Weekly Legislative Update November 8, 2021 - Special Alert

House Passes Historic Infrastructure Bill

 
On November 5th, the House of Representatives passed the “Infrastructure Investment and Jobs Act (IIJA),” with a bipartisan vote of 228 to 206. The IIJA now heads to the President’s desk for his signature. After tumultuous months of negotiation, and procedural and political debates Congress has passed this vitally important bill that will make historic investments in roads and bridges, improve roadway safety, and make our roads more reliable and dependable for all highway users. TIA is very thankful to all our members who engaged to get this bill across the finish line.  
 
The IIJA will provide $550 billion in spending above budget baseline over five years and includes the text of S. 1931, the Senate Environment and Public Works Committee surface transportation reauthorization bill that passed the Committee in May, which TIA strongly supported.  
 
The bipartisan infrastructure legislation includes increases for highway funding via formula, increases roadway safety investment, important streamlining provisions, significant bridge investments, and preserves flexibility to invest in both new capacity and improvements to existing roadways.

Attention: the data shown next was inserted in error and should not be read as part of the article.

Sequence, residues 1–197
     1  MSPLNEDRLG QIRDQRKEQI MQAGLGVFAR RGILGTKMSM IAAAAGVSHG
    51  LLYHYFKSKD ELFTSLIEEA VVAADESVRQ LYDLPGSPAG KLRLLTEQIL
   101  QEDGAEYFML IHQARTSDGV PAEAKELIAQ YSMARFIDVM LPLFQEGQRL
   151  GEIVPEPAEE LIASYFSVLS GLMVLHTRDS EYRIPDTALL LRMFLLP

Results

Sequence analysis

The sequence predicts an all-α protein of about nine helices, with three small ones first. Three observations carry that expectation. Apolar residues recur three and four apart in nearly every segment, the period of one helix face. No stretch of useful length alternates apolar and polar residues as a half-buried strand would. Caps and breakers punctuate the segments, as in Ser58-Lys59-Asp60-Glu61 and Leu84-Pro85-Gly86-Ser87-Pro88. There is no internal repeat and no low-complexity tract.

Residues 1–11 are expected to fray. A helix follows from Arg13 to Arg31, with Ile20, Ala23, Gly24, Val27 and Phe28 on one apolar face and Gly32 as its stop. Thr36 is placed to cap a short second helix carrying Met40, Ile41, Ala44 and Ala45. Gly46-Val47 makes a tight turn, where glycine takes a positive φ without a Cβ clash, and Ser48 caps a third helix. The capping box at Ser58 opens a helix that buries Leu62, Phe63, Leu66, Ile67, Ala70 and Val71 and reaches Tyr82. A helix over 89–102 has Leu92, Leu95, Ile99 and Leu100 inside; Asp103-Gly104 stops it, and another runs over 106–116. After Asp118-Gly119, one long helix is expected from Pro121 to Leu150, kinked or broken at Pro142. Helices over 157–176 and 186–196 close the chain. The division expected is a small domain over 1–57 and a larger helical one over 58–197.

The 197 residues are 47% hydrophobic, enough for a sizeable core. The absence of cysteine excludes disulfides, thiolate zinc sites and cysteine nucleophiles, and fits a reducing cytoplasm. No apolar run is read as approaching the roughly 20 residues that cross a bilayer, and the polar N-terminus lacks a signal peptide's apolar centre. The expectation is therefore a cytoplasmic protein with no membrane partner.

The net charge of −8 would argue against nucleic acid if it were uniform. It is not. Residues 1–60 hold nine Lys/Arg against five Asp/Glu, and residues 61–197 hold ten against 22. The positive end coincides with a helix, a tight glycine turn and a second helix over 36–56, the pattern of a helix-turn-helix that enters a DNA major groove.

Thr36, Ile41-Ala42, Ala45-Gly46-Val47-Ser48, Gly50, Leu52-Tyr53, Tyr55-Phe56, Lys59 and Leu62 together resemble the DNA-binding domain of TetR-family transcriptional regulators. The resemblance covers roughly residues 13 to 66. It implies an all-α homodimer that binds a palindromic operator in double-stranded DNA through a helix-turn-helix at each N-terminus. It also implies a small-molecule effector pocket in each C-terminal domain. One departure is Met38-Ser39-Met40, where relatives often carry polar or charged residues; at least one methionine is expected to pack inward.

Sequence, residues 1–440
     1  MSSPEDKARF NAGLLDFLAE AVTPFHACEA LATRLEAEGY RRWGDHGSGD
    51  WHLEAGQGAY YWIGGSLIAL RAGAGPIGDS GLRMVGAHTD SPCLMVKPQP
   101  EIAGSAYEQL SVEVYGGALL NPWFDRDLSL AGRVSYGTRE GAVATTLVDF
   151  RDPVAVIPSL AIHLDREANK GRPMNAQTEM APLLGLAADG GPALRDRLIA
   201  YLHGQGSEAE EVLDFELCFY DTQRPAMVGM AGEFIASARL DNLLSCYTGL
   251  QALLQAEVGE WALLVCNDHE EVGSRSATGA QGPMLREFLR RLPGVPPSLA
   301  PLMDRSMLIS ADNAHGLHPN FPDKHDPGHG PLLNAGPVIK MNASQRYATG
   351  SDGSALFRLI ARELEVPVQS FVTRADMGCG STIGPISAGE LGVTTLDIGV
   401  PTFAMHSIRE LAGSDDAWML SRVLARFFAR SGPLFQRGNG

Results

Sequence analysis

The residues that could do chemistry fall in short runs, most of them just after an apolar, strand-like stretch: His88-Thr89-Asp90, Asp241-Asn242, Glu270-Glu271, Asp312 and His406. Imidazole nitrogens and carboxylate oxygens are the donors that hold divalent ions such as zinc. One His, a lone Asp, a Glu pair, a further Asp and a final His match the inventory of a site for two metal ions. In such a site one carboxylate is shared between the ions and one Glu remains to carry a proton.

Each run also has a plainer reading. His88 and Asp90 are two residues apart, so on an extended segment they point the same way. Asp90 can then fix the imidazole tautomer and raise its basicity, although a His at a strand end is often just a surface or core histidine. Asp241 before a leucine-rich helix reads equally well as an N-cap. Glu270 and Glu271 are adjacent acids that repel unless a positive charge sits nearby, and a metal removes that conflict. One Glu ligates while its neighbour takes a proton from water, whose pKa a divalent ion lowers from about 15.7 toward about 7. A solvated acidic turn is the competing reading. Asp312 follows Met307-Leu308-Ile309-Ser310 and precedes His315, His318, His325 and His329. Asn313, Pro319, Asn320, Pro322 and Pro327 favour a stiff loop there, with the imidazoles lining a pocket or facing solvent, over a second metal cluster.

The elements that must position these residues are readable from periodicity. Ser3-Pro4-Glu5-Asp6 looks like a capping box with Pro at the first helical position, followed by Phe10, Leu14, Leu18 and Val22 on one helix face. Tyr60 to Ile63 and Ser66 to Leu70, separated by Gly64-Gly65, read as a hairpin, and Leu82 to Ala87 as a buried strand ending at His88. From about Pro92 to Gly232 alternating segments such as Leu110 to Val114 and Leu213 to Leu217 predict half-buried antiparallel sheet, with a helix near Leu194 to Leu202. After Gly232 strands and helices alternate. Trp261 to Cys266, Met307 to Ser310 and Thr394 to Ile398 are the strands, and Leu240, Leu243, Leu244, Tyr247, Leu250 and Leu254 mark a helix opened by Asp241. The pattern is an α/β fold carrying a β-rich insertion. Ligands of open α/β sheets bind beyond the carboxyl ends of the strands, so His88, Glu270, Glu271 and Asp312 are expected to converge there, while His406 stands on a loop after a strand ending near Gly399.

The IIJA also includes the Surface Transportation Investment Act, passed by the Senate Committee on Commerce, Science, and Transportation with bipartisan support, as well as the Senate-passed Drinking Water and Wastewater Infrastructure Act and the Energy Infrastructure Act, which received bipartisan support in the Senate Committee on Energy and Natural Resources.  
 
Key Funding Highlights:
 
Highways - $351 billion for highways over five years from the Highway Trust Fund (HTF) and General Fund ($307 billion or 90% provided as formula apportionments to states.) This is a 34%increase in highway elements from the Highway Trust Fund over funding levels in the Fixing America’s Surface Transportation Act (FAST Act). 
Transit - $91 billion 
Highway Safety (NHTSA/FMCSA) - $12 billion 
Passenger Rail - $66 billion 
Bridge Investment Program - Provides $12.5 billion over five years for a new Bridge Investment Program that funds competitive grants to address the nationwide backlog of bridge repair and rehabilitation projects.  
Bridge Formula Program - Appropriates $27.5 billion for a new bridge formula program to provide funding to States and Tribal governments to repair and rebuild bridges.   
INFRA Funding - Provides $8 billion over five years for the National Significant Freight and Highway Projects Program, known as “INFRA.” INFRA provides competitive grants for highway, bridge, and multimodal freight projects of national and regional significance.